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I've been playing around with a timing decorator for my pylons app to provide on the fly timing info for specific functions. I've done this by creating a decorator & simply attaching it to any function in the controller I want timed.

It's been pointed out however that decorators could add a fair amount of overhead to the call, and that they run 2-3x slower than an undecorated function.

Firstly, I would expect that executing a decorated function would take a smite longer than an undecorated one, but I would expect that overhead to be in the thousandths of seconds & be negligible compared to a SQL insert call. The decorator itself does simple simple timing calculations using time.time() & some very simple aggregation.

Do decorators add significant overhead to a system? I can't find anything to back that up.

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4  
The overhead of decoration itself is measurable, but nowhere near 2-3x. This does not take into account the decorating behavior, which could be very time-consuming depending on what you are doing (database updates, bouncing signals off the moon, etc.). –  Paul McGuire Aug 23 '10 at 20:39
1  
+1 for bouncing signals off the moon –  Matthew H Oct 6 '10 at 21:47
    
Likewise, but reserving +2 for future comment: "synchronous moon-signal-bouncing" –  Profane Sep 21 '11 at 10:26

3 Answers 3

up vote 8 down vote accepted

The overhead added by using a decorator should be just one extra function call.

The work being done by the decorator isn't part of the overhead as your alternative is to add the equivalent code to the decorated object.

So it's possible that the decorate function takes twice as long to run, but that's because the decorator is doing some important work that takes roughly the same time to fun as the undecorated function.

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Upvote for the typo. –  Dolph Jan 18 '12 at 22:03

What is important to know is that a decorator has a simple effect:

@decorator
def f():
    …

is just syntactic sugar for

def f():
    …
f = decorator(f)

Thus, if decorator does not do anything, you do not have any overhead when calling the decorated function (the call decorator(f) does take a little time, though), like in

decorator = lambda func: func
@decorator
def f():
    …

If the decorator does anything, you only get whatever time overhead the decorator involves. This typically include an additional function call (that of the decorated function), as in

def decorator(func):
    def decorated_func():
        print "Before calling function", func  # Some overhead (but that's normal)
        func()  # This will be a second function call, after the call to decorated_func()
    return decorated_func

Thus, in itself, decorating a function does not add much overhead for what you want to do: the only obvious overhead that you could in principle remove would be to not call func() in the decorated function but instead copy its full code, but the legibility of the code would suffer (legibility and flexibility are some of the reasons decorators do exist in the first place).

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-1 Function call overhead in Python is not insignificant. And to suggest that one replicate func()'s code into the decorator defeats the whole point of a decorator in the first place. If anything, I'd prefer to replicate the decorator's code into func(), but again, if we do that, the simplicity of using the decorator is defeated and func()'s code is polluted with the decorating behavior. You really can't say "if decorator does not do anything, you do not have any overhead". Decorators are useful for code tracing, etc., but they come at the cost of an added function call at runtime. –  Paul McGuire Aug 23 '10 at 12:58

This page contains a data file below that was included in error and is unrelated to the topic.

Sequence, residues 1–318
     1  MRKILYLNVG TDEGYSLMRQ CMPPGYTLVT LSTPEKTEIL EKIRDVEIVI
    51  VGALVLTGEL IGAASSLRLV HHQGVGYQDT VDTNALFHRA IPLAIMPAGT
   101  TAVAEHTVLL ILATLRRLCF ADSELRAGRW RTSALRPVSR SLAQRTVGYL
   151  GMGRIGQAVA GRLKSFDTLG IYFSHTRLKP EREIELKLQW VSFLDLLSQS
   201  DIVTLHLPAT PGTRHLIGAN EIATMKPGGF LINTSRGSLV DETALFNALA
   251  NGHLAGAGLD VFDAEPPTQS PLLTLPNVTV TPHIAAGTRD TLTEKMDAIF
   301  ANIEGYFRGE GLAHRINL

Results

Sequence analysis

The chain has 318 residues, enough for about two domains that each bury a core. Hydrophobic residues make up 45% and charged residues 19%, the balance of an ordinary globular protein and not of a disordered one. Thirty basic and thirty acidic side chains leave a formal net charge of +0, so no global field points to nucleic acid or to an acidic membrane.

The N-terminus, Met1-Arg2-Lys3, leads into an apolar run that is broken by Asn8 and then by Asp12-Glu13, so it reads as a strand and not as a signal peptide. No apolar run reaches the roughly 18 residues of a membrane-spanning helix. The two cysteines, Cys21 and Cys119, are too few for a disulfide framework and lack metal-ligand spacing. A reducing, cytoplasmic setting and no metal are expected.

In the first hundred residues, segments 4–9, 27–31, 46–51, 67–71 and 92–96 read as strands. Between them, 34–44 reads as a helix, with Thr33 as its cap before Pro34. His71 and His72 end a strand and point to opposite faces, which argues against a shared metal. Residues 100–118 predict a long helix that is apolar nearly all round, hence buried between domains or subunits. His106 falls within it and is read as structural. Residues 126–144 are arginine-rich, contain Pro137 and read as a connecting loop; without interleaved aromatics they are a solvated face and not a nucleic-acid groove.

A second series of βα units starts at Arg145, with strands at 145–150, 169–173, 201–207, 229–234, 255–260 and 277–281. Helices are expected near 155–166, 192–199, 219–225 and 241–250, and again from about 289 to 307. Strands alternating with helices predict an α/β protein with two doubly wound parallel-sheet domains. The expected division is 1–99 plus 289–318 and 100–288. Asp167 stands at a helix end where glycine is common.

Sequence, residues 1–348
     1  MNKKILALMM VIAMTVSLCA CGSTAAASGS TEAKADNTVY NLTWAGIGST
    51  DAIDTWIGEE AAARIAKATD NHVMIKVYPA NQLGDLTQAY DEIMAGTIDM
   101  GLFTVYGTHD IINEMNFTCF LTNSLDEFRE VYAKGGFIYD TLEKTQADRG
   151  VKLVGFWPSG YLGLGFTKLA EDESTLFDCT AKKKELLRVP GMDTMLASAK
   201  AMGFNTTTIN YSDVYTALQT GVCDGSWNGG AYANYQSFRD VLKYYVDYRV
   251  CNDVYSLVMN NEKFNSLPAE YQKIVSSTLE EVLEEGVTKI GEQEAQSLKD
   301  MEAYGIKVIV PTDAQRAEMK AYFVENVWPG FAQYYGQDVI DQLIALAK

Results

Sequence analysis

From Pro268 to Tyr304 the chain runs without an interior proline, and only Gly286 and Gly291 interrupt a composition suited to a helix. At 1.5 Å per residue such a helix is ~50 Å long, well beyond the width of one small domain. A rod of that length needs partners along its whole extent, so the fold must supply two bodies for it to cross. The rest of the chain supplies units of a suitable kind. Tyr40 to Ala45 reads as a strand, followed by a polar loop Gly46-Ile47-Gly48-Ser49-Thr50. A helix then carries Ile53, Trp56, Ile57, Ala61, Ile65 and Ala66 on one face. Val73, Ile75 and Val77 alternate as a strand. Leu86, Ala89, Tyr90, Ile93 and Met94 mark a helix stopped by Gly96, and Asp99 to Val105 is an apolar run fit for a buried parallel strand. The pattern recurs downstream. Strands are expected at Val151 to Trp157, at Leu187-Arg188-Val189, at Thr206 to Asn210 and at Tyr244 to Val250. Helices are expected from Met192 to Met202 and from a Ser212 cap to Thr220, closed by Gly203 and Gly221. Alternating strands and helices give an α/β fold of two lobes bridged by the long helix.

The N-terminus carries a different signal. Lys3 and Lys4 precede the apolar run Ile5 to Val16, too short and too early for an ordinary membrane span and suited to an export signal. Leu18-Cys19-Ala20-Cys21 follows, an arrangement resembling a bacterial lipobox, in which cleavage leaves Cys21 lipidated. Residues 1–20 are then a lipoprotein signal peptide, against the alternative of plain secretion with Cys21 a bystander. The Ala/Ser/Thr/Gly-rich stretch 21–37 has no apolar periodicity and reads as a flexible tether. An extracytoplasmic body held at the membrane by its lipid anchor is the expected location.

@Paul: Indeed, function call overhead is relatively significant in Python (never said otherwise!). And I agree with the fact that putting func()'s code in the decorator defeats the whole point of a decorated (as I wrote). We therefore fully agree! I was just giving key points that let the original poster understand exactly where the overhead of a decorator comes from. –  EOL Aug 23 '10 at 21:29
    
My main quibble was with your statment "if decorator does not do anything, you do not have any overhead," which sounded like you were overlooking the extra function call. I went to remove my downvote, but SO won't let me unless you make some edit to your answer. –  Paul McGuire Aug 24 '10 at 0:53
    
@Paul: Thank you, I see. I made the answer more precise in order to account for your remark. –  EOL Aug 24 '10 at 8:25

Do decorators add significant overhead to a system? I can't find anything to back that up.

They add almost no measurable overhead. Zero.

It's important to note that the decorator runs once to create the decorated function. Once.

The decorated function has two parts to it.

  1. whatever decoration was added. This is not overhead.

  2. plus the original function. This is not overhead.

There's no real overhead at all. You might -- with some care -- be able to measure the overhead of one extra function call-and-return as part of a decorated function, but that's almost unmeasurably small. And it's probably far less than an alternative design that doesn't use decoration.

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